Exploring space – a beginner’s guide: Look up and learn!

Solar flares photographed by Steve Heliczer

Solar flares photographed by Steve Heliczer - Credit: Steve Heliczer

Alan Willison, chairman of Hertford Astronomy Group, continues his beginner’s guide to getting started in astronomy.

Astrophysicist Dr Sam Rolfe at the Bayfordbury observatory. Picture: DANNY LOO

An astrophysicist at the Bayfordbury Observatory in Hertfordshire. - Credit: Danny Loo / Archant.

Space observation is one of the oldest sciences. Ever since mankind stared into space hypotheses were created and the desire to test them grew.

Early observers noticed that the patterns of stars stayed fixed in relation to each other and cultures around the world created stories related to the clusters.

These stories were independent of other cultures, although they frequently chose the same star patterns to base their stories around.  

These patterns are known as constellations and are still very important to astronomers as they act as a map of the sky and help us to find our way around the night sky.

The names of many of these constellations are known to us through the astrological horoscopes that we may be familiar with.  

Indeed, making horoscopes was considered a source of income for Johannes Kepler, who made some important discoveries in astronomy.  

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Occasionally, what looked like a star would appear and wander through the constellations. These were the planets – the wanderers.

Astrology and astronomy started to drift apart in the 17th century and became regarded as completely separate disciplines in the 18th century.

Galileo gave astronomy its huge boost when he made a telescope and pointed it towards Jupiter and discovered some of its moons.  

Other people started making and using telescopes and the age of space exploration had really begun.

Up to then, the five planets – Mercury, Venus, Mars, Saturn and Jupiter – were familiar objects in the sky with the Earth making the sixth known planet.

Then, in 1781, William Herschel found a seventh. William was living in Bath and was studying the constellation of Gemini over a long period when he noticed that one of the background ‘stars’ had changed its position.  

Originally, William thought that this was a comet, but using a telescope that he had built himself, he concluded that it was a planet!  

He wanted to name it after the monarch George III but it was later decided to keep to naming objects according to classical mythology and was given the name Uranus.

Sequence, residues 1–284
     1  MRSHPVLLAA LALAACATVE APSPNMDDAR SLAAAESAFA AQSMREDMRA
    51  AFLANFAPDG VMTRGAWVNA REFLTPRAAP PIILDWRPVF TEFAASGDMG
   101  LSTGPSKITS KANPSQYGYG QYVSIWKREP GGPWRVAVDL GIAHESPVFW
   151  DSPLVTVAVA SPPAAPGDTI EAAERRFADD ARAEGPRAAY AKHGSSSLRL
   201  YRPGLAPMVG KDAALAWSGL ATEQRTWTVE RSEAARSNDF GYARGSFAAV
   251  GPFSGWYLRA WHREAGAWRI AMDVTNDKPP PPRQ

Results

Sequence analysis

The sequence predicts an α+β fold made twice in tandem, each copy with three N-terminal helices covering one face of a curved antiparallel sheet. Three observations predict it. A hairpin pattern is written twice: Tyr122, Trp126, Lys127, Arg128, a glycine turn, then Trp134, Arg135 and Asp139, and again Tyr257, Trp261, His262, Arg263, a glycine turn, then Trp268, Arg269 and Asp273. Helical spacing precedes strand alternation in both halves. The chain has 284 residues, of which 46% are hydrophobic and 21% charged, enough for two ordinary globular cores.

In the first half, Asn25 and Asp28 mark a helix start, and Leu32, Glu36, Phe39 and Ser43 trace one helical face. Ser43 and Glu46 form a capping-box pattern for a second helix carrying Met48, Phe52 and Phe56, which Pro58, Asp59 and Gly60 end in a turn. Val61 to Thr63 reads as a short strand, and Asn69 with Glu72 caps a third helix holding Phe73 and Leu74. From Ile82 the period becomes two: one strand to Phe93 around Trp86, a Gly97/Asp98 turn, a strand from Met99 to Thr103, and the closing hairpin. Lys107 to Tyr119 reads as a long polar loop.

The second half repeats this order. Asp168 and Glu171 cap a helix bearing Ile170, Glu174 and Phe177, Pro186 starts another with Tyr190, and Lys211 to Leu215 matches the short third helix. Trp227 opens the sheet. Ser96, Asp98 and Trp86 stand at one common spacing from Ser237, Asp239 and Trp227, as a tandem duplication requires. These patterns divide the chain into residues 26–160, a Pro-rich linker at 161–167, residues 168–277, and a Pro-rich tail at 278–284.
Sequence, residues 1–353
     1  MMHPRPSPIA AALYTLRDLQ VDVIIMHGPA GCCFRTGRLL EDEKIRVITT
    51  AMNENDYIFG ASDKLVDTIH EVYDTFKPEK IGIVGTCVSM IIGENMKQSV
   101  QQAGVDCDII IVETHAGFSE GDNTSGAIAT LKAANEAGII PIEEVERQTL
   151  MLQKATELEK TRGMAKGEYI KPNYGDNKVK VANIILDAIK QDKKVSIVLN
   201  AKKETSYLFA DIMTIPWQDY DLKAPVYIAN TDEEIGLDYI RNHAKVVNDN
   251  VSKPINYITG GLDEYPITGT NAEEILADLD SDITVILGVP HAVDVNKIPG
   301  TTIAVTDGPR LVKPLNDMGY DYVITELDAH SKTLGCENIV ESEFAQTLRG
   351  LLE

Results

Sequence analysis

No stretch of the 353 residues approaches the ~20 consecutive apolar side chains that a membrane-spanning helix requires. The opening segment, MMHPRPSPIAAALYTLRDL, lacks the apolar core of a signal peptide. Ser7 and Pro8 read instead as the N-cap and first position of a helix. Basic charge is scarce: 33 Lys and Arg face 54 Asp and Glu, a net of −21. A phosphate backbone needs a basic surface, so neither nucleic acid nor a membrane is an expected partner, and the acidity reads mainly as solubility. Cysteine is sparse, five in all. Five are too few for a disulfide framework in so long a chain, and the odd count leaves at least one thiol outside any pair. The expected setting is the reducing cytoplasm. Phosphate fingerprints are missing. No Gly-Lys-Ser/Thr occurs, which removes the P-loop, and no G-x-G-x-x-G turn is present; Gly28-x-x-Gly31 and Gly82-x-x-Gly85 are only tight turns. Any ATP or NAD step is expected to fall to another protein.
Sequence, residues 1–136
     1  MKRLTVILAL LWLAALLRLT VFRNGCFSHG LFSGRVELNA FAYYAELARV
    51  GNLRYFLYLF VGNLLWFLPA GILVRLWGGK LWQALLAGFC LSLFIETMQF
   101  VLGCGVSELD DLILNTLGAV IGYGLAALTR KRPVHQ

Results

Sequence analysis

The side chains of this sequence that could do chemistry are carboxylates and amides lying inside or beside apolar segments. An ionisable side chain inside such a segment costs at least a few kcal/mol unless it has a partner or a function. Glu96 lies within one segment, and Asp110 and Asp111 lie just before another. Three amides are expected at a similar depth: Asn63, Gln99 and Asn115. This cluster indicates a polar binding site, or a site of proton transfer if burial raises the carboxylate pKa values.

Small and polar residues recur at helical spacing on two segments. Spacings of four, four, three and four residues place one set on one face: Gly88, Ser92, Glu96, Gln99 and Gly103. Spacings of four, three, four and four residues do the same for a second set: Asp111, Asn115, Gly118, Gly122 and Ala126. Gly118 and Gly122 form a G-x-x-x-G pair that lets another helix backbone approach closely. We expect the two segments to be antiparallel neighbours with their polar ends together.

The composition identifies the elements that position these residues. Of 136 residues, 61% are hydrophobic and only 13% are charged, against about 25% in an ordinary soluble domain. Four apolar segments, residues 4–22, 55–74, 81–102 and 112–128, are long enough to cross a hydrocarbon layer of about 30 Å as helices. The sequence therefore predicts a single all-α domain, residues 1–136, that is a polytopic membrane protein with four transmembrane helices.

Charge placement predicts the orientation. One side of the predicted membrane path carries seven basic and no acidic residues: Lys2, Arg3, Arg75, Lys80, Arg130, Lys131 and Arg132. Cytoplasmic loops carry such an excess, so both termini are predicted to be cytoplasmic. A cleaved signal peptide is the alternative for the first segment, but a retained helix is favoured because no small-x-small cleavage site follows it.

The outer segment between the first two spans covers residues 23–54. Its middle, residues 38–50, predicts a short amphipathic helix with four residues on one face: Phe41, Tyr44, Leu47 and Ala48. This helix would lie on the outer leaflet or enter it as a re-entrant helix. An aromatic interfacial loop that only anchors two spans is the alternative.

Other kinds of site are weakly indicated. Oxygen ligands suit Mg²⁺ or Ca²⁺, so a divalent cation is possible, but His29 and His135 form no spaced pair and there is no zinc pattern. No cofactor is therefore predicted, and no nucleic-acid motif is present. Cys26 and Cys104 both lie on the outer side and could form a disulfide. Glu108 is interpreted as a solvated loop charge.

William was not alone in his astronomical work as he lived with his sister Caroline, who was also a dedicated astronomer and worked closely with her brother.


William Herschel's 40-foot telescope, 1789

William Herschel's 40-foot telescope, 1789 - Credit: Unknown author, Public domain, via Wikimedia Commons

Bath has a small museum recognising the work of the Herschels in the home of William and Caroline.

The house has been fully restored in the authentic style of the period and Dr Brian May, the lead guitarist of Queen, is the museum’s patron.

This is rather appropriate since, like William Herschel before him, he’s both a musician and an astronomer.


Uranus from Digswell

Uranus seen from Digswell, photographed by Richard Sheppard

Uranus seen from Digswell, photographed by Richard Sheppard - Credit: Richard Sheppard

Uranus can be viewed through a telescope and will appear as a small blue circle as seen in Richard Sheppard’s photo.  

However, it is too much in line with the Sun to do so at present so, ask for a telescope for Christmas and start looking for it at that time of year.

Want to hear more about William and Caroline Herschel? Come along to the meeting of the Hertford Astronomy Group on May 11 at the University of Hertfordshire when professor Mike Dworetski will give his talk 'Backyard Astronomy in the 18th Century'.

Details and tickets can be obtained from https://hertsastro.org.uk


Photo of the Month

Solar flares photographed by Steve Heliczer

Solar flares photographed by Steve Heliczer - Credit: Steve Heliczer

The Sun goes through 11 year periods of activity and is currently in its 25th (since records have been kept).

This is witnessed by an increase in the number of sunspots and solar flares.  

On April 15, multiple coronal mass ejections left the Sun but fortunately none are directed towards Earth.  

This photo shows many solar flares on the limb (edge) of the Sun and it is reasonable to assume that there are as many on the side facing us.  

The photo was taken in my back garden in Cuffley.

Steve Heliczer